Penny Bould finds out how leading arthritis specialists are calling for more investment in longer rehab programmes, and how groundbreaking research into the condition’s causes is potentially opening up whole new avenues…
According to Cedars Sinai Medical Centre in the USA, arthritis is a term that actually encompasses around 100 conditions. Along with back pain and other musculoskeletal disorders, it’s the biggest cause of physical disability in the UK, resulting in challenging lives and untold human distress – as well as costing individuals and the larger economy billions of pounds.
Osteoarthritis is the most common form of arthritis in the UK, affecting around eight million people, and occurs when cartilage at the end of bones wears away, leading to joint pain and stiffness. The second most common is Rheumatoid arthritis (RA), which affects 0.8% of UK adults. Some people – like my own older sister Jackie, who now has difficulties writing – live with both.
There are many myths regarding arthritis, including the suggestions that it only affects older adults, and that there is nothing you can do about it if it hits you. Yet small children can get juvenile idiopathic arthritis; for many patients, their condition can be managed to improve their quality of life, whilst others experience pain so severe that they can lose consciousness, need help dressing and cannot work.
More rehab, less cuts
In a recent global study carried out as part of pharmaceutical company AbbVie’s ‘RA: Join the Fight’ initiative, it was revealed almost two thirds of rheumatoid arthritis (RA) patients in the UK don’t feel that their conditions are well managed. Just over a quarter said they have a disease management plan in place, compared to 56% globally, prompting calls for increased collaboration between doctors and patients.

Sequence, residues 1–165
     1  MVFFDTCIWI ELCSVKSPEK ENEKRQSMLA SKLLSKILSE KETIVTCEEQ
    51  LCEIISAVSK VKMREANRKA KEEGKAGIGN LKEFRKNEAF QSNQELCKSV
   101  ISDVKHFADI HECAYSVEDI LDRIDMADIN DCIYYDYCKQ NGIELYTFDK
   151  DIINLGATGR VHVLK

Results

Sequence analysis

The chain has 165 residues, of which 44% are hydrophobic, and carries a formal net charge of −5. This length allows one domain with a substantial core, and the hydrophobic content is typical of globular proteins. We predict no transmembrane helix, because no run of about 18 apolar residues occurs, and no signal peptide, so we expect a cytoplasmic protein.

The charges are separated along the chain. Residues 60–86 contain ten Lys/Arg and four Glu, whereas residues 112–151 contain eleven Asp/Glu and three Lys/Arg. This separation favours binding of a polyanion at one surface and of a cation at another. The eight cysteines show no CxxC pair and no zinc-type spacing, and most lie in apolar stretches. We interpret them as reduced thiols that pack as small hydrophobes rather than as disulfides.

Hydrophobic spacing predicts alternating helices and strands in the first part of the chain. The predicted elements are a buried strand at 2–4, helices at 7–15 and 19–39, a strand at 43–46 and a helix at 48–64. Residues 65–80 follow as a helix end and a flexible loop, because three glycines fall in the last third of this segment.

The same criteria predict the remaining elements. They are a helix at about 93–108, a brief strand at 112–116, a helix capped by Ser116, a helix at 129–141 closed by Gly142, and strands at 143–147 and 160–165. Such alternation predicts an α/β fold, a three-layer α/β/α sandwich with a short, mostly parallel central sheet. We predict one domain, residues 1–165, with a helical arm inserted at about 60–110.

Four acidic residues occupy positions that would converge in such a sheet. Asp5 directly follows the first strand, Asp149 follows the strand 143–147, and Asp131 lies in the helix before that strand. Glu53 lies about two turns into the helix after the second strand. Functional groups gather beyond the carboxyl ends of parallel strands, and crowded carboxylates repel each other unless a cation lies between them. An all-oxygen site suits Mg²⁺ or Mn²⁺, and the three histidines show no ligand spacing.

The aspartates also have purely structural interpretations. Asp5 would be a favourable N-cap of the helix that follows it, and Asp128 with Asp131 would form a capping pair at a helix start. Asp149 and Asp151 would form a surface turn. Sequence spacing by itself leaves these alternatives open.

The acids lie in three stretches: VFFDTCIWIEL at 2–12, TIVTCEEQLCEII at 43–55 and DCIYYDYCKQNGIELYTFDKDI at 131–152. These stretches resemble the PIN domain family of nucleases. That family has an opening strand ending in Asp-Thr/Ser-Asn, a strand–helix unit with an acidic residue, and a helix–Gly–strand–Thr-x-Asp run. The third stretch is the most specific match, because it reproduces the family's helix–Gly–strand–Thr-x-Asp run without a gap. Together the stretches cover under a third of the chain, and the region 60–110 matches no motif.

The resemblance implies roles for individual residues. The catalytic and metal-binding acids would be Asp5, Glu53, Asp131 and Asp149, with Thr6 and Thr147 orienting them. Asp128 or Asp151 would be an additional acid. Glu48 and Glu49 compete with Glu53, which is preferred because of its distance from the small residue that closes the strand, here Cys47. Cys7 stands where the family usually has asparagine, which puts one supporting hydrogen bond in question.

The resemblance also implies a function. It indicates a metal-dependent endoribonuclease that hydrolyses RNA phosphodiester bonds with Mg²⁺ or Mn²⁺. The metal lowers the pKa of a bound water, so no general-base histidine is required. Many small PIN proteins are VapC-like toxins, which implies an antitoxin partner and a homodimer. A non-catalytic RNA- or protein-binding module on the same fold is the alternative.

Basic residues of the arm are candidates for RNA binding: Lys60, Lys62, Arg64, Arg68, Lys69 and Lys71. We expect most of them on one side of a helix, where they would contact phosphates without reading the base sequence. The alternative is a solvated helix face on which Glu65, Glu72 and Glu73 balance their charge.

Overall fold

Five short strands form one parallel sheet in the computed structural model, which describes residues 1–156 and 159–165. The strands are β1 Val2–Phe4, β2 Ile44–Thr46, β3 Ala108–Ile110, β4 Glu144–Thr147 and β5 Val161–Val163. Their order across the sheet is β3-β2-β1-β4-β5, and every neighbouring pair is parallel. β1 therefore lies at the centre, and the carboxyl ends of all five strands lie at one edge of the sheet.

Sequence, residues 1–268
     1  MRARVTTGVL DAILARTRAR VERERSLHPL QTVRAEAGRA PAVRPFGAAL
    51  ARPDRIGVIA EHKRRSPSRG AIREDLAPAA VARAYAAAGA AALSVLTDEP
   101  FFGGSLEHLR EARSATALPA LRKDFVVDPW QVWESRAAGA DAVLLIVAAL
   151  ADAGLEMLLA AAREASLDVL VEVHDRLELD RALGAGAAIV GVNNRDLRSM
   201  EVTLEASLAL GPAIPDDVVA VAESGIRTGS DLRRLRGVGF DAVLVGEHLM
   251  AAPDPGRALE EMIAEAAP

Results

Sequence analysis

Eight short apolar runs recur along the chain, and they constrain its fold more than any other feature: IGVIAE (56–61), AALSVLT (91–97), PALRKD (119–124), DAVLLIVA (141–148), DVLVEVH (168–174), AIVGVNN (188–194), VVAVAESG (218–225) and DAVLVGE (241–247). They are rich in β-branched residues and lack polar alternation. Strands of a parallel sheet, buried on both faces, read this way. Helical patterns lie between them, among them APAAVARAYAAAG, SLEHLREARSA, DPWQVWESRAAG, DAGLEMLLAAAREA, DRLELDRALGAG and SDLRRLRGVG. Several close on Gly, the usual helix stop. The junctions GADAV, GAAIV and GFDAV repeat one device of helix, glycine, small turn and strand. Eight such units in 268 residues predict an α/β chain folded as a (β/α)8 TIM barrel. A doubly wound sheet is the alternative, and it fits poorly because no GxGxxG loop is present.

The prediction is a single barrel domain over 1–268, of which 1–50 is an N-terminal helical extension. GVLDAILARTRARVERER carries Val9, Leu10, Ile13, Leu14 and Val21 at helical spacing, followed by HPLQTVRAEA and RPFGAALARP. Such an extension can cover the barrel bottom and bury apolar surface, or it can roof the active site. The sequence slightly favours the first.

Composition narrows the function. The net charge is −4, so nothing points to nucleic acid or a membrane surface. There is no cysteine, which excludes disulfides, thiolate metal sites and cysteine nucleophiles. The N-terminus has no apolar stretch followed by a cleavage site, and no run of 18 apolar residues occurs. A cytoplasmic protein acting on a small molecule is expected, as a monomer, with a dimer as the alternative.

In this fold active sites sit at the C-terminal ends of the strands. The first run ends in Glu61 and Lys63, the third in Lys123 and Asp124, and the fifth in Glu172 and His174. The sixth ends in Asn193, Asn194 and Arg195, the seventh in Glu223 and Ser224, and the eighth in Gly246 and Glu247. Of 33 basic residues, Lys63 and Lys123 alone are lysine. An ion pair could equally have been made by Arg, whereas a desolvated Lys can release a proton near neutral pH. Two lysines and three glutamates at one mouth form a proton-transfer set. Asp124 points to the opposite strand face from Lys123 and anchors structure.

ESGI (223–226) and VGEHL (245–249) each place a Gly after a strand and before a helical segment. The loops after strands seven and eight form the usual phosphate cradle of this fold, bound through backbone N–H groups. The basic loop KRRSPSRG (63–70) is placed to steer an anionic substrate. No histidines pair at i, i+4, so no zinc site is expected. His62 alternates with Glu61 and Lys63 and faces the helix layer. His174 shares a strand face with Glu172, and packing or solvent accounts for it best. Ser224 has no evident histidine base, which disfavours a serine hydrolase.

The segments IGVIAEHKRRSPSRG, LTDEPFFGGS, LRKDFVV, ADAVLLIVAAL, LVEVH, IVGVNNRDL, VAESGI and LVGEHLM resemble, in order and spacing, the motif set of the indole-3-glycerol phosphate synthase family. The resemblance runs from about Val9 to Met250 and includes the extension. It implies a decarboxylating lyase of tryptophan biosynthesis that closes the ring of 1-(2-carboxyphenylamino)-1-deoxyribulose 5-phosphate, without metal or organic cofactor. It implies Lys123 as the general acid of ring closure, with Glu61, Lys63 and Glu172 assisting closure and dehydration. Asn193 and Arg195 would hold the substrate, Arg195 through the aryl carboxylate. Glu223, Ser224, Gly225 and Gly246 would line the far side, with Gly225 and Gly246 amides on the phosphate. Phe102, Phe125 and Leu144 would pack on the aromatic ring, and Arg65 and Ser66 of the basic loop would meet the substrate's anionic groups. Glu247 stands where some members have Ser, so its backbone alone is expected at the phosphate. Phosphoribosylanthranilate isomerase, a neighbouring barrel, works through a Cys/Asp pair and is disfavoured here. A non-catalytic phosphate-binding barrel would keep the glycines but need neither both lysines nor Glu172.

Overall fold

Professor Anthony Woolf, Professor of Rheumatology at the Royal Cornwall Hospital Truro and University of Exeter Medical School wants to see greater availability of rehabilitation programmes for people living with arthritis.
He told me, “If someone is not working, just reducing their benefits is not going to help them be more independent and return to work. We need access to rehabilitation and some flexibility from employers too.”
It’s a call that’s echoed by Disability Rights UK and a number of other disabled people’s organisations campaigning against benefit cuts. In terms of investment, Woolf’s view is that, “Musculosketal conditions [MSCs] seem to be ‘the Cinderella at the ball’ but we need to make them ‘the Princess’.”
Woolf is also Coordinator of EUMUSC.net – the European Musculoskeletal Information and Surveillance Network, which brings together 100 professionals across Europe with funding from the EU and the European League Against Rheumatism (EULAR). As he explains, “The EMUSC.net project addresses the prevention and management of MSCs involving a network of institutions, researchers and individuals in 22 organizations across 17 countries.”
Woolf and colleagues want to empower people: “We want to put information in the hands of patients so they know what to expect, and also to have ways of checking if this is being delivered.” The key message for the public and healthcare professionals is that swift diagnosis and aggressive treatment – as Woolf points out, especially for those with RA – is the most effective way of minimising the impact for most patients.
Meanwhile, a large number of groundbreaking research projects are seeking to improve people’s lives, using advances in computing power to study genetics and identify which lines to follow.